10
$\begingroup$

Let's start with a circle with radius $1$. Now suppose we would continuously insert circles from above with radii $\frac{1}{p}$ (first a circle with $r = \frac{1}{2}$, then a circle with $r = \frac{1}{3}$, etc...) so that they would rest at the lowest possible position, meaning that the circles can't cross or overlap each other. To illustrate what I mean, here's an image:

enter image description here

My question is if we can keep doing this infinitely without ever exceeding the outer circle.

Now it is known that the sum of squared prime reciprocals converges to approximately $0.452247$, so we know that the total area of all the inner circles is less than half of the area of the outer circle. Looking at the picture then leads me to believe that we can easily fill the circle infinitely from above, but I'm not entirely sure and I'd like to find out if this can be proven mathematically.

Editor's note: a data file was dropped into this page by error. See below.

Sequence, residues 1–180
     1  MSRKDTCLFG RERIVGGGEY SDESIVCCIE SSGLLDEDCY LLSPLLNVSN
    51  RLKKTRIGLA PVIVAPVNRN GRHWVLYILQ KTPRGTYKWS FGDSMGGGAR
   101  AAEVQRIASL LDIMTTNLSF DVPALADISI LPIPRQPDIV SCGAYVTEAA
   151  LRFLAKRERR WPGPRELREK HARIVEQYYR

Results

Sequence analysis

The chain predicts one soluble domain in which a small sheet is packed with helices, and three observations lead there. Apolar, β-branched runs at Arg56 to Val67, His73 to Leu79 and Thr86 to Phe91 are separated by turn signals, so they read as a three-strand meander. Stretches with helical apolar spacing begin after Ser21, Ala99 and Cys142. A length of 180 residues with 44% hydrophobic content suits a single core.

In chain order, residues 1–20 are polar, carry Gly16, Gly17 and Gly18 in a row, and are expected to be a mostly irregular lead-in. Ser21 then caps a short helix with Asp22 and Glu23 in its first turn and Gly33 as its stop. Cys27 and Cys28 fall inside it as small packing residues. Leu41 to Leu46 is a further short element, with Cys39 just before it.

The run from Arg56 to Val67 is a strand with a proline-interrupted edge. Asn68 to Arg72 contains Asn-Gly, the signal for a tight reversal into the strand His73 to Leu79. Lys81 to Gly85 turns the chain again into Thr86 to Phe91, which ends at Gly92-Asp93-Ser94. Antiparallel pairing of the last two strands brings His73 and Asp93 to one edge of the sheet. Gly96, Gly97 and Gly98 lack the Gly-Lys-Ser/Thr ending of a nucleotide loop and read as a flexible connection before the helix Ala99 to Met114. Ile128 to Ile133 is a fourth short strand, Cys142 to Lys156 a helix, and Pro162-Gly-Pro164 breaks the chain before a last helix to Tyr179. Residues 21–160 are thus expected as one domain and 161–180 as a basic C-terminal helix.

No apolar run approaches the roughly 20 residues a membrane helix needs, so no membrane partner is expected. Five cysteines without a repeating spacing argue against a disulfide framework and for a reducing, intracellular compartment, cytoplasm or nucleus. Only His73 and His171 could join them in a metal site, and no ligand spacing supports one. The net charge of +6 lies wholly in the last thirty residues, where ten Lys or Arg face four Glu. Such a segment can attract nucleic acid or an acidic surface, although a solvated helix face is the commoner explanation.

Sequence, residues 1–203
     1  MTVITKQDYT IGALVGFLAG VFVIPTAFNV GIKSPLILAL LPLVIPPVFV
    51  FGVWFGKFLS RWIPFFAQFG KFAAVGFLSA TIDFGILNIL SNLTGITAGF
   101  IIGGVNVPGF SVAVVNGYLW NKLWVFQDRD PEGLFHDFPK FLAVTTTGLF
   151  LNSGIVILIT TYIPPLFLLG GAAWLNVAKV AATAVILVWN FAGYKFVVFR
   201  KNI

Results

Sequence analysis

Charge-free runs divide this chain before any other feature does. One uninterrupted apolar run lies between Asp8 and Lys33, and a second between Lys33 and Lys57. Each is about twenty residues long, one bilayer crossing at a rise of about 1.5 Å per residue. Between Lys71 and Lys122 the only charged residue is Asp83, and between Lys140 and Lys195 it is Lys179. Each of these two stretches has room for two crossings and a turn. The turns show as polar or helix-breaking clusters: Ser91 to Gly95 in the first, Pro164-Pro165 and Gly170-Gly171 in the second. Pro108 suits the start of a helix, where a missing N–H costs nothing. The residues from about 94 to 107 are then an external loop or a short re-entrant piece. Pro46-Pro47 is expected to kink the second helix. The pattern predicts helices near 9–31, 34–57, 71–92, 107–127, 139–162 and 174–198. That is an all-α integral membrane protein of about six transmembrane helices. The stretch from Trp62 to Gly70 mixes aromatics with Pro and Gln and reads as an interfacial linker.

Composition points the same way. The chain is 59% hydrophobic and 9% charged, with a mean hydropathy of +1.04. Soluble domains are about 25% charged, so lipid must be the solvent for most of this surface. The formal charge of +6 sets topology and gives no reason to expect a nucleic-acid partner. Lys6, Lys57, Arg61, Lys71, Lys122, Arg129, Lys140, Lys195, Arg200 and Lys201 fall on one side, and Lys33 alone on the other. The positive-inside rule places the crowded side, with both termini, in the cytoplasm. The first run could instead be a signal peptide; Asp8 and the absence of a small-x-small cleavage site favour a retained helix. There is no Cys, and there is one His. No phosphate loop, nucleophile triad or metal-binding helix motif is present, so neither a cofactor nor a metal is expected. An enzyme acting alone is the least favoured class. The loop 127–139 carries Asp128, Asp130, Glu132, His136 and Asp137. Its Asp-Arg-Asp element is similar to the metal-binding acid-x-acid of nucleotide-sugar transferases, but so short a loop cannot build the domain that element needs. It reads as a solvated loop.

$\endgroup$
2
$\begingroup$

See my question which asks the same sort of thing, but considers circles with radii $1/n, \ \forall n \in \Bbb{N}$ Can all circles of radius $1/n$ be packed in a unit disk, excluding the circle of radius $1/1$?

Because if that question is true, then obviously circles with radii taken over just the primes would fit within the unit circle.

$\endgroup$
  • $\begingroup$ Your question neglects gravity, though, doesn't it? $\endgroup$ – Brian Tung Oct 27 '15 at 0:34
  • $\begingroup$ Yes, but the circles must first fit inside the unit disk in order to occupy their respective lowest possible positions. My question considers only if they can fit or not. $\endgroup$ – Rob Bland Oct 27 '15 at 0:36
  • $\begingroup$ Maybe I didn't communicate my intention properly: What you say is exactly the observation I meant to make. $\endgroup$ – Brian Tung Oct 27 '15 at 2:06
  • $\begingroup$ Then yes, you are correct $\endgroup$ – Rob Bland Oct 27 '15 at 2:07
  • $\begingroup$ Thanks for the link. Indeed your question deals with packing instead of stacking, but it's an interesting read. Perhaps the stacking problem could also be stated with circles of radius 1/n $\endgroup$ – Marijn Oct 27 '15 at 13:22

Your Answer

By clicking “Post Your Answer”, you agree to our terms of service, privacy policy and cookie policy

Not the answer you're looking for? Browse other questions tagged or ask your own question.